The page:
Skip to main content

AJS Tempest Scrambler 125 (2020) - Review

By Peter Henshaw

Been riding over 30 years, and it hardly shows.



AJS Tempest Scrambler 125 2020 tested – 125cc street scrambler
AJS Tempest Scrambler 125 2020 tested – 125cc street scrambler
AJS Tempest Scrambler 125 2020 tested – 125cc street scrambler


AJS has made a quite success out of sticking its very historic British badge onto Chinese 125s. This might or might not have upset the purists, but the company has been selling British-badged Chinese bikes for over 20 years, which makes it one of the longer-lived importers. And it sells decent numbers into the bargain, usually grabbing third spot in Chinese 125s behind Lexmoto and Sinnis.

Better still, the Tempest Scrambler tested here does go some way to justifying that historic badge, because AJS was famous for the Stormer, a two-stroke motocrosser which was hot stuff in the late 1960s and early '70s. There's a family link too, because 'Fluff' Brown took over AJS Stormer production in the 1970s and his son Nick now runs the company, still offers Stormer spares as well as the 125s, of which the Tempest retro range is the best seller.

The 2020 Scrambler is perfectly placed to take advantage of this knobbly-tyred heritage. It might be based on the standard Tempest roadster, but it comes with all the right street scrambler styling cues: semi-knobbly rubber (with a fat 4.60-section rear), braced bars, racing plates and headlight grille, though it sticks with a low-level exhaust. Otherwise, it looks just the part of a Great Escape in miniature, but does it live up to that in practice?


AJS Tempest Scrambler 125 Price

There's a whole raft of 125cc street scramblers available, and at £2249 the AJS is priced right in the middle of the bunch. The Lexmoto Tempest (yes, same name) and Bullit Bluroc are cheaper (£1800 and £1999 respectively) while the Herald Scrambler costs £2399. The entry-level Mutt 125 is the Mongrel (£2950), its higher price reflecting the fact that it's tweaked in Birmingham with a few British-made parts added.

The Tempest Scrambler is available in four colours, namely: Blazing orange, Jet Black, Mojave yellow or Oasis blue.



Power and torque

Whichever of these mini scramblers you plump for, you'll get much the same running gear, at the heart of which is a four-stroke single-cylinder 125. Given the millions China has been churning out for over 30 years, this must surely be the most common engine layout on the planet.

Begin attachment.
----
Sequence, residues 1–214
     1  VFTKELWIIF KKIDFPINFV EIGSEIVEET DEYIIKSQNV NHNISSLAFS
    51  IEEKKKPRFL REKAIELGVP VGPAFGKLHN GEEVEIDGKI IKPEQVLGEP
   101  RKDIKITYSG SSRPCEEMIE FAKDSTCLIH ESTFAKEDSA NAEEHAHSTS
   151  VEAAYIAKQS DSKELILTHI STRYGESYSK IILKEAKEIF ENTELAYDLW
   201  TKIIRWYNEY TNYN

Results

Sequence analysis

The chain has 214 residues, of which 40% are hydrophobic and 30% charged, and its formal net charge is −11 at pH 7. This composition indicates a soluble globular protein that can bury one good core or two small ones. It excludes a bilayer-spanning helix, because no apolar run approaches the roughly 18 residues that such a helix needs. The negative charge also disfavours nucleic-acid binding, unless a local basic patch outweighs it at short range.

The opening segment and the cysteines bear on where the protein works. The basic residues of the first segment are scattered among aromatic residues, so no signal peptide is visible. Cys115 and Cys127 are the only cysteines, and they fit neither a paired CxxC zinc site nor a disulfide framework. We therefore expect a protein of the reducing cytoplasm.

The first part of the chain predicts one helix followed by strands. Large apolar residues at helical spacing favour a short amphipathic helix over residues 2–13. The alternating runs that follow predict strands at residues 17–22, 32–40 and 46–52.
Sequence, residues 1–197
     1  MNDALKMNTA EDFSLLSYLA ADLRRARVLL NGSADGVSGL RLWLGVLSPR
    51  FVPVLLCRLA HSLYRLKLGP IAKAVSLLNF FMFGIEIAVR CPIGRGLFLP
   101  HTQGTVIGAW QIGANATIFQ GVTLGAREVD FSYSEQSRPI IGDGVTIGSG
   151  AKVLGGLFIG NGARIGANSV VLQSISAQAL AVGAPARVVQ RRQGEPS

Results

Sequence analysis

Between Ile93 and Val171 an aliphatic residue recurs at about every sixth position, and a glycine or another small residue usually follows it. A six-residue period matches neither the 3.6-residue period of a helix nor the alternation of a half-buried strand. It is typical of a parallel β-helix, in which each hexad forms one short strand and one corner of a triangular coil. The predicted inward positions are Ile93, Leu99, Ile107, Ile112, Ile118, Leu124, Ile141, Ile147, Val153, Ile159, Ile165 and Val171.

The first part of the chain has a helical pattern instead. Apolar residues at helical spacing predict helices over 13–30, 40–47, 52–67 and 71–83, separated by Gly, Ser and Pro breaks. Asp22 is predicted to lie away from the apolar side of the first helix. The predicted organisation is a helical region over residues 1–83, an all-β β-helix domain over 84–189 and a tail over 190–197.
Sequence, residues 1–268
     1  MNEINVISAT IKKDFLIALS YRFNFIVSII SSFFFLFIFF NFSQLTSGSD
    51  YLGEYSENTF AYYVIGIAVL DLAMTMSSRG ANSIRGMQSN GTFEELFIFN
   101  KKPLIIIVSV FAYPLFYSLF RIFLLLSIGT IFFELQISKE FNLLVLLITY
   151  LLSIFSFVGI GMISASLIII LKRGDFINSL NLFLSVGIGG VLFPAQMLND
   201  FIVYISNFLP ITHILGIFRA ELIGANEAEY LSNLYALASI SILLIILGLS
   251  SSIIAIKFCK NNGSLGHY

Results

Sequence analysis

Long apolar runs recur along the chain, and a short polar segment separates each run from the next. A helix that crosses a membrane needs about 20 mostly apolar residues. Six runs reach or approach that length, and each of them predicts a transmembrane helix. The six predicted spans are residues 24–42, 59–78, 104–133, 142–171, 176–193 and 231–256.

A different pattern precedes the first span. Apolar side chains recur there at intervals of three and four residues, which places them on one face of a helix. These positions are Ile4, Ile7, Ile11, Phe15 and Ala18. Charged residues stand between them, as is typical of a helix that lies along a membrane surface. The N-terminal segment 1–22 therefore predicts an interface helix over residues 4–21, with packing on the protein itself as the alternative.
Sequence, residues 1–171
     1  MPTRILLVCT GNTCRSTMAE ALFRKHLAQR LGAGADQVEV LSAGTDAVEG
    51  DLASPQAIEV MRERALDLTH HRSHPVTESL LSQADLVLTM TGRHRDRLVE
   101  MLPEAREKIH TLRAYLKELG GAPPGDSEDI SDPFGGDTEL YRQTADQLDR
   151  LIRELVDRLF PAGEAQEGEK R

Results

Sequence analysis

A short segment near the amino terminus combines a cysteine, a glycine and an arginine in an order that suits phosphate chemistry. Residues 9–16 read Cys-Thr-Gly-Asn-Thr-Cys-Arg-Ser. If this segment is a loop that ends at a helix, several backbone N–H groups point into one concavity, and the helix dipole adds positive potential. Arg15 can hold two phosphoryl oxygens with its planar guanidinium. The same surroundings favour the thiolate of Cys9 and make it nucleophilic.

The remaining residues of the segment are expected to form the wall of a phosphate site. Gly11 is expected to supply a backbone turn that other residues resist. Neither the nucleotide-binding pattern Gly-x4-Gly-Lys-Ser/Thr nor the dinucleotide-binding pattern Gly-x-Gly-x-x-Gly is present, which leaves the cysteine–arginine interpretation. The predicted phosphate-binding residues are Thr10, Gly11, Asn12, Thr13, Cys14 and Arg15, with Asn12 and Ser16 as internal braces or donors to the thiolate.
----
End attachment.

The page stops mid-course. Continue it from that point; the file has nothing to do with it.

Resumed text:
Not surprisingly, they all produce 10-12bhp and very similar amounts torque, and once again the AJS is right there amongst them, offering 9.6bhp at 9000 rpm and 7.0lb ft. As ever with 125s, these puny figures can do a surprising amount of work, given that they haven't got a big heavy bike to haul around. Use the Tempest's five-speed box and it goes reasonably well, revving up to the 9000rpm cut-out without serious vibration. Truth be told, it's not much slower changing up at 5-6000, and certainly more restful. Anyway, the result is fast enough for dual-carriageways, able to cruise at an indicated 60-65mph and even touch seventy with the help of a following wind. Mind you, battling back up the A303 against the breeze it struggled to reach sixty, but that's all part of the small bike experience.

It's flexible and quiet in town, something which also applies off-road. You'll be pleased to know that the Scrambler's ruff-tuff looks aren't just for show, and it will happily tackle easy green lanes, with plenty of ground clearance, and standing up on the serrated pegs it all felt in its element. What it doesn't have is the long-travel, well controlled suspension of a modern trail bike. Mind you, the thing sounds so inoffensive you shouldn't upset anyone – sure enough, a dog walker smiled good morning as I pobbled quietly past.


Engine, gearbox and exhaust

No surprises here. Like just about all Chinese 125s, the Tempest's motor is derived from Japanese technology (Yamaha in this case) stretching back many years – in other words, it's a simple air-cooled two-valve single with a single overhead cam. Like the rest of them, this one has no clever riding modes, no variable valve timing or other trickery, though they all feature fuel injection now to cut down emissions, and there is a balance shaft, which shows up in the lack of vibes. The five-speed box isn't quite as slick as on the newer Isaba from AJS, but it works well enough, and the exhaust is in stainless steel, which is a nice touch at this price.